Secondly, the arduino platform provides no hardware flexibility at all. One of the joys and pitfalls of the platform is that you are stuck to the hardware that you use(except for being able to possibly swap the micro). You cannot change what type of USB you use, you can’t change the crystal you use(or easy disable it) and you can’t change the power regulation systems it employs. These are all important things to a designer/engineer.

    Over my summer holiday(I’m in Australia), I have basically built my own open-source AVR platform for engineers/designers that allows greater flexibility in hardware choice and provides 260% greater efficiency in software size, while being a lot more powerful.

    I believe that Arduino is a platform for strictly non-engineering types who only know the bare basics, it is about time that a platform for engineers/designers was created that filled the gaps or arduino.

    To get my libraries, please go to the following website: http://blog.michael-kehoe.com/?p=22

    • Anonymous

      While I certainly agree with you that some of the libraries are not as efficient as they could be, it’s also important to remember that Arduino is not claimed to be the most efficient embedded board out there. In my opinion, it’s not supposed to be.

      I’ve always viewed the goal of Arduino as one of education. It’s designed to teach the basic concepts of embedded electronics. Code that is both easy to understand _and_ completely optmized is quite rare.

      For example, you might be able to speed up a math operation with binary shifts and adds in place of standard operators, but to a novice reading that code it would look confusing. Taking it further, you could create object files entirely in assembler — again, this might increase efficiency a great deal, but a novice has no idea how to read that.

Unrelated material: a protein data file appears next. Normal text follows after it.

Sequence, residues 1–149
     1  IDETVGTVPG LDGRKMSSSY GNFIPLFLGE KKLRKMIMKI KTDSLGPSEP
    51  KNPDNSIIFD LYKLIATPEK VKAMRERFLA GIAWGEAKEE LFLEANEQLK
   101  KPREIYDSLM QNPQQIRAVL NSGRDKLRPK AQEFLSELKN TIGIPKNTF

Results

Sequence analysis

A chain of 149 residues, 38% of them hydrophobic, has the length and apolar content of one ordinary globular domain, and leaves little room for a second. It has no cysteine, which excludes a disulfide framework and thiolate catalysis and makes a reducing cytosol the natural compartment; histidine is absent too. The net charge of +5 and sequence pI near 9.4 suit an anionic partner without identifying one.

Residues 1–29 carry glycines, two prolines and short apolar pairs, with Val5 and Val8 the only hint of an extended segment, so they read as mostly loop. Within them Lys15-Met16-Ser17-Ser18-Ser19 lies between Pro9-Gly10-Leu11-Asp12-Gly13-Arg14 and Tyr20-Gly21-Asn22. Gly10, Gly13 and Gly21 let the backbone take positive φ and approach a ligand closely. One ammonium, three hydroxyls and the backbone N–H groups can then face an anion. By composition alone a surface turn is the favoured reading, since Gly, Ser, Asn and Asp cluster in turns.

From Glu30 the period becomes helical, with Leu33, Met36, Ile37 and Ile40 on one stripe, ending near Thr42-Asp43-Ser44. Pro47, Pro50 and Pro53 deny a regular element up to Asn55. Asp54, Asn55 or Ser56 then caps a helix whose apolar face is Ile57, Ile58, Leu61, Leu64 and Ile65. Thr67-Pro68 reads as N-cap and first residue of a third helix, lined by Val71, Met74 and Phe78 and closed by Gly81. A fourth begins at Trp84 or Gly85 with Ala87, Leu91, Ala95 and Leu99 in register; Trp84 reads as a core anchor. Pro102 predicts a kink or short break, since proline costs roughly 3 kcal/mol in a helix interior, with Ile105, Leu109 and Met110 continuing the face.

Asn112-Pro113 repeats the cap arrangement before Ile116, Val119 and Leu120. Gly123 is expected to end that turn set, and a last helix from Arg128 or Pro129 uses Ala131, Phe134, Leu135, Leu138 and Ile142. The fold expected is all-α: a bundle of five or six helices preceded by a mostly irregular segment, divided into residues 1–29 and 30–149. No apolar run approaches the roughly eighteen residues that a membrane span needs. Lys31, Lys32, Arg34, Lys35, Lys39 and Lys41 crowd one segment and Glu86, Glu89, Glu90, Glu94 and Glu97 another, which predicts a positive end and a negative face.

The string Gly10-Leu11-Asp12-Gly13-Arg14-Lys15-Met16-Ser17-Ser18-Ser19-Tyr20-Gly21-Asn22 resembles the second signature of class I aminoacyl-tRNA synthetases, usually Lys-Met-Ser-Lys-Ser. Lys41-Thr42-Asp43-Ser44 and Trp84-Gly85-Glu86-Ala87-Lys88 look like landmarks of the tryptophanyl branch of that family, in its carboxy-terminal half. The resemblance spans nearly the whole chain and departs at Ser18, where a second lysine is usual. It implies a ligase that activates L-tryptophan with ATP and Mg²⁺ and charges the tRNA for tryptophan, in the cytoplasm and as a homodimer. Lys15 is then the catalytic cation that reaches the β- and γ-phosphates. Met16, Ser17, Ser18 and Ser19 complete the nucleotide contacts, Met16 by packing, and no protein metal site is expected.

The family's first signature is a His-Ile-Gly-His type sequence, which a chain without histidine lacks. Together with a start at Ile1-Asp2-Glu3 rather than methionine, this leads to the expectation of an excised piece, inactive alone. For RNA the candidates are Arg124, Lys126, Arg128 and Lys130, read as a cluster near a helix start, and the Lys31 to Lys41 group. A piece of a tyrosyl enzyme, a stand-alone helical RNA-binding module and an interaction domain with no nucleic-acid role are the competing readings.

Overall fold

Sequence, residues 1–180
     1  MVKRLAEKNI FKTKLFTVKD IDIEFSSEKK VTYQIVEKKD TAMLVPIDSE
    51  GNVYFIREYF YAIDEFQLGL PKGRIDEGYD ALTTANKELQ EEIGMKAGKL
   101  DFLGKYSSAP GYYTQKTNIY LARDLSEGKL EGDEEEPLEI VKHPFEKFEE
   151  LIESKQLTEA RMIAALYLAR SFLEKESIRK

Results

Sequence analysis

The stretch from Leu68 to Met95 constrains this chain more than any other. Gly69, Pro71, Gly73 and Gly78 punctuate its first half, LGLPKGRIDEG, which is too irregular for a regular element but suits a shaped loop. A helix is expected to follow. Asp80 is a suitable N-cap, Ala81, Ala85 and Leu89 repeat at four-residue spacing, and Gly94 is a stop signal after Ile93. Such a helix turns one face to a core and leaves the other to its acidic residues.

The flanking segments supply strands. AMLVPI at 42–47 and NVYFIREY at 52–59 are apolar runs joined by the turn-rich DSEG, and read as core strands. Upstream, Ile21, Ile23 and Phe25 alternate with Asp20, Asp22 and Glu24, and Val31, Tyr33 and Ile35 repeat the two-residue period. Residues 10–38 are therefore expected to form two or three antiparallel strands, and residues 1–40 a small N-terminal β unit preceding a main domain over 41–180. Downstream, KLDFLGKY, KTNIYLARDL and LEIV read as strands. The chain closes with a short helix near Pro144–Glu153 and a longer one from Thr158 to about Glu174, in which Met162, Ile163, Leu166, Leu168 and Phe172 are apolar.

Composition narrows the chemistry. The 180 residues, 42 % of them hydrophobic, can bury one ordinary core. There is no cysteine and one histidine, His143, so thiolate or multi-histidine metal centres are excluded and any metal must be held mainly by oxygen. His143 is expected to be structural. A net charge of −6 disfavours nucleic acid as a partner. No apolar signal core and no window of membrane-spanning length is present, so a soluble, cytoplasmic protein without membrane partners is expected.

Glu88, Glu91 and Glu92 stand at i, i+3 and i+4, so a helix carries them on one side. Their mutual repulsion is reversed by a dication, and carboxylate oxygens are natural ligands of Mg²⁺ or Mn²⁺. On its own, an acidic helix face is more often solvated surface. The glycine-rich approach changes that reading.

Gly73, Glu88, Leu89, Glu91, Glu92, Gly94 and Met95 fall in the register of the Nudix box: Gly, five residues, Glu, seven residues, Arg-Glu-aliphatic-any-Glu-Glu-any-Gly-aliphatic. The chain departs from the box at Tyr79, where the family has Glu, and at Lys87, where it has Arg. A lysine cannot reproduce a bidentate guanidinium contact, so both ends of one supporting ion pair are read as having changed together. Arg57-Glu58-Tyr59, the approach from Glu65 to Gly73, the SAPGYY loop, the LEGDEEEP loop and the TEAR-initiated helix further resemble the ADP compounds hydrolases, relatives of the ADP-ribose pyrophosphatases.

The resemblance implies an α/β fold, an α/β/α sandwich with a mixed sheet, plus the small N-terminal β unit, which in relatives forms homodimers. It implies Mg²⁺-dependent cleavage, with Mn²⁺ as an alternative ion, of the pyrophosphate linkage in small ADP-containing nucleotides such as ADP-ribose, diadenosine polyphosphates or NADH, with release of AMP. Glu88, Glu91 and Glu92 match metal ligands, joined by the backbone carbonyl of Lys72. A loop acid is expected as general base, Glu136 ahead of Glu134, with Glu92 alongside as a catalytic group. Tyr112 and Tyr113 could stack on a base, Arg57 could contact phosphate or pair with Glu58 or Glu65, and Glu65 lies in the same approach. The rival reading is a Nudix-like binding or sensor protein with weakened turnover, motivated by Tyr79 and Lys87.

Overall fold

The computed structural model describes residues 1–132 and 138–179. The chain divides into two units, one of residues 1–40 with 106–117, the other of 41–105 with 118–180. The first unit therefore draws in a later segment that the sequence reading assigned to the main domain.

All that said, I’ve been impressed at the programming and electronics skills of some “non-engineers” I’ve seen, many of whom cut their teeth on the standard Arduino libraries and hardware before diving in and doing much more advanced stuff.

      Arduino is great because it can give you results right away, and quickly build your confidence and understanding. Confidence is the only real currency of innovation after all. Once you have that, you can move on to more sophisticated projects. But without an easy-to-understand entry point, you’ll never get there at all.

    • http://twitter.com/geoff_swan Geoff Swan

      I’m sorry. But the number of EEs who have this *exact* response to Arduino? Perhaps this should be spelt out: the Arduino was *NOT* designed for Electrical Engineers!!
      Arduino is about enablement and accessability. What made Apple successful? Ultimately they understood User Interface. Arduino – exactly the same. Arduino has created a tool that opens up microcontroller development to everyone; and EEs seem to hate it.
      EEs will jump up and down and say “but that’s not how you should do it” – while artists and makers blithely continue to produce awesome projects, blissfully unaware that they are wasting clock cycles and have larger binaries than necessary.
      Engineering is about balancing tradeoffs and understanding the larger system, not micromanaging code size. Oh and guess what – if the clock cycles and code size are mission critical; guaranteed it will not be an EE doing the coding.

    • http://twitter.com/geoff_swan Geoff Swan

      I’m sorry. But the number of EEs who have this *exact* response to Arduino? Perhaps this should be spelt out: the Arduino was *NOT* designed for Electrical Engineers!!
      Arduino is about enablement and accessability. What made Apple successful? Ultimately they understood User Interface. Arduino – exactly the same. Arduino has created a tool that opens up microcontroller development to everyone; and EEs seem to hate it.
      EEs will jump up and down and say “but that’s not how you should do it” – while artists and makers blithely continue to produce awesome projects, blissfully unaware that they are wasting clock cycles and have larger binaries than necessary.